Manage common content with inheritance
One of the main advantages of an enterprise configuration is the ability to create common content or configuration settings in one place and push them down to subordinate organizations. This is known as "inheritance".
There are three levels of inheritance.
- System: This is the top level that is used for the entireBlackBerry Alertsystem, where a system is defined as a single installation ofBlackBerry Alertaccessed by a single URL. An example of a system user attribute is First Name. All users have the First Name attribute, no matter what organization or enterprise they belong to. System configuration is set in the System Setup (3) organization.
- Enterprise: This is the second level of inheritance, primarily used for content and settings that need to be the same across all suborganizations. An example is a user attribute called employeeID. By setting it at the enterprise level, the content is part of all user profiles that are in the organization managed by the enterprise.
- For Cloud configurations, content and settings are set in the enterprise, which allows the cloud to use multitenancy.
- Suborganization: This is the third level, primarily used for content that is specific to a single base or location. An example is the user attribute OptIn4Birthdays, which is used by only one organization.
Security policies are also frequently handled as common content, allowing them to be inherited so that consistent policies, procedures, and communication methods can be established across a system.
The following example focuses on attributes, but it could apply equally well to any type of common content.
A federal agency has three organizations managed by a single enterprise. There are three tiers, including one called System Setup at the system level. The enterprise organization is named Fed_Agency_Enterprise and it has three suborganizations: East Coast, Mid-West, and West Coast.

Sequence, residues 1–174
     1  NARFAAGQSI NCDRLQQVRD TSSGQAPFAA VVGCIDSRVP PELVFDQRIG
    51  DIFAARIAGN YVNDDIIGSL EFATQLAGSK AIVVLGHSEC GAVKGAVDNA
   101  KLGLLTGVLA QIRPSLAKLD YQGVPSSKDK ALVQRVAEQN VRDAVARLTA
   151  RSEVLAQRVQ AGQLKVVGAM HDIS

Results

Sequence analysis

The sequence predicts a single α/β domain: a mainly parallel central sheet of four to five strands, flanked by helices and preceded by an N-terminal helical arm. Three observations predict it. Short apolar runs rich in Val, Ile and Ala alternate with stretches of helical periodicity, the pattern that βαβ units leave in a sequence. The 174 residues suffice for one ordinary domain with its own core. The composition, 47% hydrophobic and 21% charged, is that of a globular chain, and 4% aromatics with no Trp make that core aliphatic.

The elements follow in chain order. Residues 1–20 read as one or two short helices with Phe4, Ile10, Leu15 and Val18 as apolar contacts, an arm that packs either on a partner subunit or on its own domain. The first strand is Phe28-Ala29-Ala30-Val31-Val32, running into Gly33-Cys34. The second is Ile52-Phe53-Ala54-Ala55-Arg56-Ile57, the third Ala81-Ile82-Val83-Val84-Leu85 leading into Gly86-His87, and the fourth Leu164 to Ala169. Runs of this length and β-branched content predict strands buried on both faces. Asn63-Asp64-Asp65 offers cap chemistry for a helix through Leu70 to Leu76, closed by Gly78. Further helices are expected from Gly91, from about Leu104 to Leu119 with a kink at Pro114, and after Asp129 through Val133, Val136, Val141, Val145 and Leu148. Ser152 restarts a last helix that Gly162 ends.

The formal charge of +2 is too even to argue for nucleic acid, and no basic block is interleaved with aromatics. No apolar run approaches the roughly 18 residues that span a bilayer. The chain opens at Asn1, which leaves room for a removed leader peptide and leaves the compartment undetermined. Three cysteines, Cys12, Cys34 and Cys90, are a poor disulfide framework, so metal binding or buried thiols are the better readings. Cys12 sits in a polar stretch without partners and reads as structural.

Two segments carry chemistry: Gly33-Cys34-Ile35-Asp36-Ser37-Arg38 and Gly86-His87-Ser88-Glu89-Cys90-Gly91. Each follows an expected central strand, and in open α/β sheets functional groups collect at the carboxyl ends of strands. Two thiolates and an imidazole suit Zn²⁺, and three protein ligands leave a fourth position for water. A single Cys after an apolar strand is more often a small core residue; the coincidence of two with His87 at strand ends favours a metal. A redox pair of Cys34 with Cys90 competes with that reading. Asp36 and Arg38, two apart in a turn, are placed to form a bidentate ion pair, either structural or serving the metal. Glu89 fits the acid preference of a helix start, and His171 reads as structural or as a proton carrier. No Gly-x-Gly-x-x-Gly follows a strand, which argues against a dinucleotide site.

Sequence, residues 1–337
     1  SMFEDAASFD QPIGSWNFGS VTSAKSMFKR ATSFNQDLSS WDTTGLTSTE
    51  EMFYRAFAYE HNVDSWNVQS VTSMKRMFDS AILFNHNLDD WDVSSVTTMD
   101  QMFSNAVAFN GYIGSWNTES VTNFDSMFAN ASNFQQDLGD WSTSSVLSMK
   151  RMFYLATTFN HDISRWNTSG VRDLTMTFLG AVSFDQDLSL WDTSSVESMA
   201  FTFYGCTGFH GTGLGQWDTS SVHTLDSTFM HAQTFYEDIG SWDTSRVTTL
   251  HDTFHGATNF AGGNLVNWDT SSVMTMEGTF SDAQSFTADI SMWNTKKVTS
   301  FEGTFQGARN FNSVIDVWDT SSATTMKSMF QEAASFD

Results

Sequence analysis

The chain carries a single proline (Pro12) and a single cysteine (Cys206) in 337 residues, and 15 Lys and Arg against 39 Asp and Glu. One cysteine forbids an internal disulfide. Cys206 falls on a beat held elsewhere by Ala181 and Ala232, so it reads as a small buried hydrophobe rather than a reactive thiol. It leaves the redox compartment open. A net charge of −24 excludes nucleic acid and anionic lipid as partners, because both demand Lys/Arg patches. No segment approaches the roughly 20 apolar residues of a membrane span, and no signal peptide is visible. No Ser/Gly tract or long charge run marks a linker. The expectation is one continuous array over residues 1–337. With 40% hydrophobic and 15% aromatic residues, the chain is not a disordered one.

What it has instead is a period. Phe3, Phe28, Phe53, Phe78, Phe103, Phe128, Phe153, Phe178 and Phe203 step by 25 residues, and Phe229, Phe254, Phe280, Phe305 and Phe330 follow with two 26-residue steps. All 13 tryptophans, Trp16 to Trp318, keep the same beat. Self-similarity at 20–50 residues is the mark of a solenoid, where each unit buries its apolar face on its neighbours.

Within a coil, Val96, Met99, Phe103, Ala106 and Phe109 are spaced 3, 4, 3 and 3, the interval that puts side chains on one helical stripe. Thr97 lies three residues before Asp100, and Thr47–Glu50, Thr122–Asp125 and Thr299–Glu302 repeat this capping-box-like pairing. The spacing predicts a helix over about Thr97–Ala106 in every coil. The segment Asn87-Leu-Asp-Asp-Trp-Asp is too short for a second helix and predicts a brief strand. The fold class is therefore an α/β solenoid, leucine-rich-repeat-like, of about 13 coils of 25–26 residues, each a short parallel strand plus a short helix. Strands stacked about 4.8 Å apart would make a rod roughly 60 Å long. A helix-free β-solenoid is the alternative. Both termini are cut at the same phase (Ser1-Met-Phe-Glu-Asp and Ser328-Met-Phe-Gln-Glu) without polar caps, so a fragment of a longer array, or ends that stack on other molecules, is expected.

The organizations have the following user attributes:
- System Setuphas three user attributes that are available for the system, which includes all enterprise and suborganizations:UserName,ID, andLastName.
- Fed_Agency_Enterprisehas three user attributes that are available for the enterprise and its suborganization:Department,Location, andCPR-Trained.
- TheEast Coastorganization has a team that wants to track birthdays, so they have added an attribute calledOptIn4Birthdays.
An operator in the suborganization can edit the value of an attribute for a user if the operator has access to the organization in which the user attribute was created.
- The system administrators on System Setup can access and edit user attributes created at the System level. In this example, they can target users through theUserName,ID, andLastNameattributes. However, they cannot see any attributes defined at lower levels.
- The enterprise operators have more options. They can view and use all of the attributes inherited from the System level, plus publish, search, create reports, and edit the attributes created at that enterprise organization (Department,Location, andCPR-Trained).
- Operators in the suborganizations can use but not edit user attributes inherited from system and enterprise levels. These operators can also create, edit, and use user attributes for publishing to the local organization, but the operators do not have access to attributes from peer organizations. As a result, operators in theEast Coastorg can access and edit theOptIn4Birthdaysuser attribute, while none of the other suborganization operators or enterprise or system administrators can use the attribute.
For a list of entities that are inherited, Inherited content and settings in the enterprise.